Almost everyday on Facebook I get a notification by some application asking me to compare my friends. We are accosted by people asking us if they are “Hot or Not” We are constantly looking to our left and our right to figure out how we are doing in comparison to others. We want to gauge ourselves so we look to our peers wondering if  I’m smarter/dumber, faster/slower, funnier/boring than someone else.

My generation has seen the rise of peer-rating sites like no other. We’re constantly being taught to ask am I hot or not? We’re being conditioned to wonder if I am acceptable, and now we even have a convenient 1-10 scale.

We live in a beauty pageant.

We judge people all the time.

And the real tragedy is, that we’ve also used that command  of Jesus to live in pseudo-community.

We have developed the ability to live around people, but not necessarily with people. And the great irony of our day, is that we live in a world where so many of us feel alone and isolated, but not many of us are willing to do the hard work that it takes to live together. Here’s what I mean by that. Continue reading The Agony of Judgment

The Redemption of Jim Joyce

It takes a lot to get me to write about sports. I mean the Razorbacks winning the national championship kind of lot. Sports are just something I love watching and playing, and while I think it’s true that sports have given us glimpses into the best and worst of humanity, I still rarely get into the whole Touchdown Jesus thing. But, a couple of years ago, something happened that fascinated me. I immediately started researching it and saving it for a future teaching or blog.

Back in 2010, the Detroit Tigers pitcher Armando Galarraga was pitching a perfect game. A huge accomplishment, that basically means he had not allowed a single batter on base for the entire game. Until the final out. Galarraga had a pitch hit back to him, tossed it over to first base and the runner was called safe by Jim Joyce. The only problem was that Jim Joyce was wrong. Really, really wrong. I mean the guy was more out that bellbottoms. Now to be fair, I imagine it must be an incredibly difficult job to be a major league umpire. The only time I’ve ever referred a game was a girls intramural basketball game at Harding. I was so bad that the players actually started yelling profanity’s at me. At a Christian school, on a girls team!  So I’m inclined to cut Jim Joyce a little slack.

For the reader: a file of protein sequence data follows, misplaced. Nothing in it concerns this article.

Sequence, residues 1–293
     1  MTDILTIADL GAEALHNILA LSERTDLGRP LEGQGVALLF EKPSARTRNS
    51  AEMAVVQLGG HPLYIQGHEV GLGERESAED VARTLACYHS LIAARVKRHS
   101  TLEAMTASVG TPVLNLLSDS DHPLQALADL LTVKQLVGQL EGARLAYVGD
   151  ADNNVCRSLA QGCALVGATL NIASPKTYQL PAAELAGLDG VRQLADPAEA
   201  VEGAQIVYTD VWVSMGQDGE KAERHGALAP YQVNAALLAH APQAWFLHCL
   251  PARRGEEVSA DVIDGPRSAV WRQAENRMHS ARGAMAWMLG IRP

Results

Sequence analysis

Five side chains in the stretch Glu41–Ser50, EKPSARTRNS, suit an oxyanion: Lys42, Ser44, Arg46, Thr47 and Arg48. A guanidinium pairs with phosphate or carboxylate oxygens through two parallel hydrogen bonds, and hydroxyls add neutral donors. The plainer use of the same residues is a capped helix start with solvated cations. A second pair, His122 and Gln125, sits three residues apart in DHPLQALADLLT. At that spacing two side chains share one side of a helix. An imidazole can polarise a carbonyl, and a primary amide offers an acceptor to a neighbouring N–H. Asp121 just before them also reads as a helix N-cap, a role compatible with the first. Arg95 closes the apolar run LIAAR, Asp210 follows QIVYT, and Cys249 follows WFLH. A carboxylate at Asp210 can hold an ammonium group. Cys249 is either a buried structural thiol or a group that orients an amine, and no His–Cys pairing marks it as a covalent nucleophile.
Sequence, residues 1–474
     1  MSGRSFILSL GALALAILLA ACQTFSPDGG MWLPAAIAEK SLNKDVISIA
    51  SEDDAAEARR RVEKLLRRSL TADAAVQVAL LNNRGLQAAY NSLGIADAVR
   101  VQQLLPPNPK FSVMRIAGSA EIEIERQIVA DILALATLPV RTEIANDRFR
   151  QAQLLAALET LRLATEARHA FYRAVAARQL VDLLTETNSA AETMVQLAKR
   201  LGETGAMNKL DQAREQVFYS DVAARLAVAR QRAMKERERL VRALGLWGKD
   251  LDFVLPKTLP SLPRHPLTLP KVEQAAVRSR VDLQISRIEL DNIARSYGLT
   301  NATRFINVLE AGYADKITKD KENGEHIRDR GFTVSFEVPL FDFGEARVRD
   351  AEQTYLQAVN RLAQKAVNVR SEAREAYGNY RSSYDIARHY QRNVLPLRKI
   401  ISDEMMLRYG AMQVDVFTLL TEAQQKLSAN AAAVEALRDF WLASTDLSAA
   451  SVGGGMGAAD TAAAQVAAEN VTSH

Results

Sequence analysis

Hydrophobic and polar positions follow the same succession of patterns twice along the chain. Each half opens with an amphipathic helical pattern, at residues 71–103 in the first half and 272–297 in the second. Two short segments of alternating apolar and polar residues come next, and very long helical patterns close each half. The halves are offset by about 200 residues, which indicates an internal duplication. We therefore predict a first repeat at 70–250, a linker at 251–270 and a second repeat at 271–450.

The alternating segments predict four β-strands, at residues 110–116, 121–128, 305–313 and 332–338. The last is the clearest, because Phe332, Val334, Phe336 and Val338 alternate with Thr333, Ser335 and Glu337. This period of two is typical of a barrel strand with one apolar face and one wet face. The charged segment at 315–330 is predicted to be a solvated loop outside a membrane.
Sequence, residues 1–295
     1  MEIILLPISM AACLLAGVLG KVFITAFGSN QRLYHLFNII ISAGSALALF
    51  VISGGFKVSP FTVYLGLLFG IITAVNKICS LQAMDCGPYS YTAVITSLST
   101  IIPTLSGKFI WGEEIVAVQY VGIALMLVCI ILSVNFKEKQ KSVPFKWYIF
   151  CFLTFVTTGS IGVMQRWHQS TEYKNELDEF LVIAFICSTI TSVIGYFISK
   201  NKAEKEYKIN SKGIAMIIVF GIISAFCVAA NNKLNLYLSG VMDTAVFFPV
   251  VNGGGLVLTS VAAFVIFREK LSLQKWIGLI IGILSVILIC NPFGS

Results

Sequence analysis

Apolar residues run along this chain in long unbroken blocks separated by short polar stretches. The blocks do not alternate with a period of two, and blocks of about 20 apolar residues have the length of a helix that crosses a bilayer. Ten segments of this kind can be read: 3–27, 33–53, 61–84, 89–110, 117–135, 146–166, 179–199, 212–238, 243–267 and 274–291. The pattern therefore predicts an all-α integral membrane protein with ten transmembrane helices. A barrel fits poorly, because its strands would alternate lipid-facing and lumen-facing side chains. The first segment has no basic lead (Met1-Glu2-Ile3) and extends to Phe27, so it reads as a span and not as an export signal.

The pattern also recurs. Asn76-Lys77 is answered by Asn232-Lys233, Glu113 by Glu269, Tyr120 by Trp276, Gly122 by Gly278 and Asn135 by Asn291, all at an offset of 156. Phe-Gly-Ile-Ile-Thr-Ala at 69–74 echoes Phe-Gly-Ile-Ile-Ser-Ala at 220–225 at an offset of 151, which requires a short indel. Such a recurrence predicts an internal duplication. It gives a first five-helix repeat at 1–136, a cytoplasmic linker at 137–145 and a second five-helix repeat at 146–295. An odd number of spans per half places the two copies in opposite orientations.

But Jim was not. He was an emotional wreck for weeks afterward. He recognized that Galarraga had pitched an entire perfect game, a feat accomplished by one pitcher in a thousand, and he had single handedly stole it from him. The story didn’t just run on ESPN, for days it was talked about on all the major news networks. And to his credit, Jim Joyce was bigger than most people in his situation would have been. In a world of spin and blame avoidance, Jim Joyce took full personal responsibility, he didn’t blame the lights, or the crowd or the pace of the game, he just apologized. Over and over again.

But think about being Jim Joyce…for a solid month you are the world’s scapegoat. You’re the bunt of every joke and the perfect metaphor for every commentator talking about a royal screw up.

Until…

This past Monday night, Jim Joyce was walking out onto another baseball field to ump yet another game, and he saw a middle aged woman named Jayne Powers having a life-threatening seizure. So he started administering CPR on this total stranger. For minutes he was keeping this woman alive all while singing Staying Alive (not a joke) to keep him in rhythm. And it worked, Joyce saved her life. He even visited her in the hospital the next day.  Continue reading The Redemption of Jim Joyce